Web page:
…creates an environment in which the students are determining practically all factors of classroom environment.  The teacher is minimized, and not in a positive/productive manner.  This class borders on becoming directionless because there is no constant factor (the teacher) to guide and focus efforts on any common element.  The students probably “like” this class, but they will also indicate a low level of professional respect for the teacher, whom they look to for guidance, and find little.

The 45% Rule

After examining the ranges above, I am drawn to suggest a marker that assumes appropriate student influence yet leaves enough for the teacher to affirm the distinct roles of teacher and student.  Students may not always admit it, but they like and need the teacher to have a “presence” – confident, purposeful, and respectful.  Teachers assuming 45% of students are assuming much more than blank slates without overestimating.  The 45% rule leaves no doubt that the teacher is setting the course and guiding the class, but the students are active and engaged in the process.  Respect is mutual and appropriate because each has roles in the creation of the classroom environment that respect and recognize the distinct values each group (student and teacher) brings into the situation.

If you are looking for a tip on how to enhance your classroom “presence” for the purpose of creating a respectful and productive environment, try shifting your assumptions about students to the 45% rule.  If you do, let me know how it worked for you.

Monday, April 4, 2011

Kids teaching kids – my thoughts and response to a recent article

Once in a while I read an article that seems to illicit a response that I find hard to categorize.  When this happens, I let it sit for a day or so before making any judgments.  If after a few days (and a few more reads) I still fell uneasy, I consider writing about it.  This post is a result of one of those situations.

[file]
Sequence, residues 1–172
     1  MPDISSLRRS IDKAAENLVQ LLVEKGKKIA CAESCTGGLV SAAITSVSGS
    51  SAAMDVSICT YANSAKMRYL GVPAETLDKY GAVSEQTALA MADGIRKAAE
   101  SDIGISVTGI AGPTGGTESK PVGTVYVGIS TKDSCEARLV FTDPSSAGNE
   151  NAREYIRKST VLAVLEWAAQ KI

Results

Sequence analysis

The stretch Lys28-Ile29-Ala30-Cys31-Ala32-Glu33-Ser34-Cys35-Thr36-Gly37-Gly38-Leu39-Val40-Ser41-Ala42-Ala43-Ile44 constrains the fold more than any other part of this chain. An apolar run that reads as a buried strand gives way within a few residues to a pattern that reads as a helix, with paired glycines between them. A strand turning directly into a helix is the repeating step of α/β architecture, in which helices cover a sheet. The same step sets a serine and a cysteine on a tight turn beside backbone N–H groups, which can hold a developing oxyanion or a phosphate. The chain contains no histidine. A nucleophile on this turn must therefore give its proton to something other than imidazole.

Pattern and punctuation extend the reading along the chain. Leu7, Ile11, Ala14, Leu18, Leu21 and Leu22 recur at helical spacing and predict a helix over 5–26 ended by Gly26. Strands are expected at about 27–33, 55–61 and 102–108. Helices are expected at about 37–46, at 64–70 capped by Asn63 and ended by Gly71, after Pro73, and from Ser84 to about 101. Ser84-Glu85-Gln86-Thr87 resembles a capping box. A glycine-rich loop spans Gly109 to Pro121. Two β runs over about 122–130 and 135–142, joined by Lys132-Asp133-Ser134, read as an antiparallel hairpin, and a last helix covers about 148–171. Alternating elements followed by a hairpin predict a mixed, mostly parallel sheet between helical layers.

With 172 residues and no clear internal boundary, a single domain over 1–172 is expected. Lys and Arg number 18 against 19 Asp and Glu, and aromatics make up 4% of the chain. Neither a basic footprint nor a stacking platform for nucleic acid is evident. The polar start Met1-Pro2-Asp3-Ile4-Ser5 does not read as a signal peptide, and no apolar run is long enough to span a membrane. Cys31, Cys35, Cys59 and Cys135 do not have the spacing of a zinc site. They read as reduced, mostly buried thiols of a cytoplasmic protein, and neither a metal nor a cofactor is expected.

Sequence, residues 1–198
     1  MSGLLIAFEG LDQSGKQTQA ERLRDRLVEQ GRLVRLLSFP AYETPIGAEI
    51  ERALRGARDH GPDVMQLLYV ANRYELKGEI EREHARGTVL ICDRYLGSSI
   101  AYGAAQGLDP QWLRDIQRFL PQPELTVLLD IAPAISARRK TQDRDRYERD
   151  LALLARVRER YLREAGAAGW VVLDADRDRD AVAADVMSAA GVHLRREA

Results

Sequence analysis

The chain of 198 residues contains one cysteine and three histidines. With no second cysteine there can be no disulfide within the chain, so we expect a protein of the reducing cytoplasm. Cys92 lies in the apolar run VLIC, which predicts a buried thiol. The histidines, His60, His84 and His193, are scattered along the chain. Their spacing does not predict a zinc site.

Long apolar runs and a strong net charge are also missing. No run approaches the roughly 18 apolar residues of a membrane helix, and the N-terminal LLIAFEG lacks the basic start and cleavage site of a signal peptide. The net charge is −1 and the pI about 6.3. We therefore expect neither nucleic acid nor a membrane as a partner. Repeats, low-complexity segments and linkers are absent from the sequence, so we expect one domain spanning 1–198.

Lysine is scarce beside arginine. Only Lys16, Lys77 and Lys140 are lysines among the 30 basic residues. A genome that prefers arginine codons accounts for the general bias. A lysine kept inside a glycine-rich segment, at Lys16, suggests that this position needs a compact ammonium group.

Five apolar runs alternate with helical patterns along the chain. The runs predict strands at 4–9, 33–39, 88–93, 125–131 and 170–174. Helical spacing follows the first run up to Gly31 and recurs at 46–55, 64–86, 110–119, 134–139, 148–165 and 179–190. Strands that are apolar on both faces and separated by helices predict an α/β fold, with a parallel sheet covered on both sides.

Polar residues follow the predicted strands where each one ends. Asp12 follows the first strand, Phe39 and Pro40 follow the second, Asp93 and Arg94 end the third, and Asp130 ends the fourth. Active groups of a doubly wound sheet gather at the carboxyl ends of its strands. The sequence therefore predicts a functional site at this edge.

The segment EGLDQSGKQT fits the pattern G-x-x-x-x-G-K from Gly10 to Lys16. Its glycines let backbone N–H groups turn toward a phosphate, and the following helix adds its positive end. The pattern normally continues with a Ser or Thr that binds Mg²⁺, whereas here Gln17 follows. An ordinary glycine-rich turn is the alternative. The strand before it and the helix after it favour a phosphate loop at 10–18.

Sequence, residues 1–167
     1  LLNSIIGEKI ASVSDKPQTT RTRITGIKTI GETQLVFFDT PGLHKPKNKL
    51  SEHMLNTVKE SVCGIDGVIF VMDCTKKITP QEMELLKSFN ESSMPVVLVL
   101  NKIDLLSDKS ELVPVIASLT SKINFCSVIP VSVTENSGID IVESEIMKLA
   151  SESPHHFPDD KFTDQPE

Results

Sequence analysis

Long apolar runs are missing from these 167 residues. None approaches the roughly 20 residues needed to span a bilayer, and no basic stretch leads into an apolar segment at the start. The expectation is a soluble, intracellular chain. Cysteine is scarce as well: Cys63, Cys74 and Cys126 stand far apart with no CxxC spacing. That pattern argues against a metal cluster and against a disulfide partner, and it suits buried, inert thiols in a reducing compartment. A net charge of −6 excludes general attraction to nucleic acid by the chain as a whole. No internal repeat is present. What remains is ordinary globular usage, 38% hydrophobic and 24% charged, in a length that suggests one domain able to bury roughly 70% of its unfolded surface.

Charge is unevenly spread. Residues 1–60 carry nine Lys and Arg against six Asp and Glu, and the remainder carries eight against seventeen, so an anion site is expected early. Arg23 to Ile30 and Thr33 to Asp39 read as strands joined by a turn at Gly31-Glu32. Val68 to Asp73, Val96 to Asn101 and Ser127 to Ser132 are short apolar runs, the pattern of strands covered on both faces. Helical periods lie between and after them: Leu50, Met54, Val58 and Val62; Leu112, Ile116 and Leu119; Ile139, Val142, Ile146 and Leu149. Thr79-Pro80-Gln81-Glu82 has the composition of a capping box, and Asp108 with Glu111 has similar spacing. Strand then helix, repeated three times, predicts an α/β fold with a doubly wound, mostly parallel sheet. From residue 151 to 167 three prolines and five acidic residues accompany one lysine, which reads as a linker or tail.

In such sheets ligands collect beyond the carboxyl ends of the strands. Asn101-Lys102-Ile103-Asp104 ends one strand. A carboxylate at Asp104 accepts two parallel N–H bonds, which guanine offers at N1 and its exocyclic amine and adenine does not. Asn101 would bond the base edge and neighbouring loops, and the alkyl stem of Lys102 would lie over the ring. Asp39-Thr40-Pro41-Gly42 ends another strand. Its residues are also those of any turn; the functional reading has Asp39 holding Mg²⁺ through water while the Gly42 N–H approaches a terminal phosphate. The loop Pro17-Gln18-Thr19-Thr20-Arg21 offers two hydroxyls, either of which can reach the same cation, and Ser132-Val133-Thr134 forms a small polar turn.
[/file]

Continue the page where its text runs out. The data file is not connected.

On March 29th, an article by Mr. Larry MacDonald, President of Edison Innovations, Inc.,  titled, Educational Technology Breakthrough: Let Kids Teach Each Other appeared on  In that article, Mr. MacDonald makes his case for supporting the use of student produced videos as a breakthrough in educational technology.  He references Khan Academy and Kids Teaching Kids.

Before I discuss some concerns I have about the article, I want to state up front that the field of education is well served by passionate people, like Mr. MacDonald, who care deeply about student achievement.  I am also a huge proponent of creative thinking and interesting ideas.  Mr. MacDonald certainly outlines a creative and interesting idea in his article.

On the other hand, I am compelled to point out a few concerns I have after reading.  For each, I will include the quoted item from the article (in italics) with my reaction below it.

“ In this budget cutting environment, a vast, valuable resource has been overlooked in the quest to reduce the cost of education: the kids.”

I guess I get somewhat uneasy when students are mentioned so obviously (and early on in the article) as a cost-cutting resource.  Not referred to as any experts or effective voice, the article begins with students in terms of dollar savings.  I know this is an emotional rather than logical objection, but it is an objection none the less.

“Kids Teaching Kids has developed a free service that will ultimately allow any kid with access to a cell phone or computer to watch a video teaching how to solve every problem in every textbook.

Does that sound impossible? Consider these statistics: YouTube now has two billion, views a day; every day 35,000 hours of video is uploaded to YouTube.”

It does sound impossible because I think there is an assumption that the textbook problems are static.  As textbooks are developed (I would also assume textbook providers are paying very close attention to the digital movement!), the information will be hard to keep up with.  The stats about YouTube are hard to correlate to the proposed project.  Most videos on YouTube are not necessarily “educational” and therefore the stats about their numbers or views do not quite match up in my mind.  I can’t see the connection between YouTube’s popularity and establishing videos that answer every textbook problem.

“For centuries adults have thought they were smarter than kids, and perhaps were, but now the kids are smarter than the adults. Have you tried playing the current computer online games? Good luck.”

Smart can be a relative term.  I’m sure that there are some kids who are “smarter” than some adults.  I don’t think using computer online games is a valid instrument to measure how “smart” anyone is.  Technologically savvy?  Maybe.  Smarter?  I’m not sold.  Also, the language is quite decisive.  “..the kids are smarter than the adults.”  Not necessarily true (and possibly insulting to the audience from whom he is seeking support).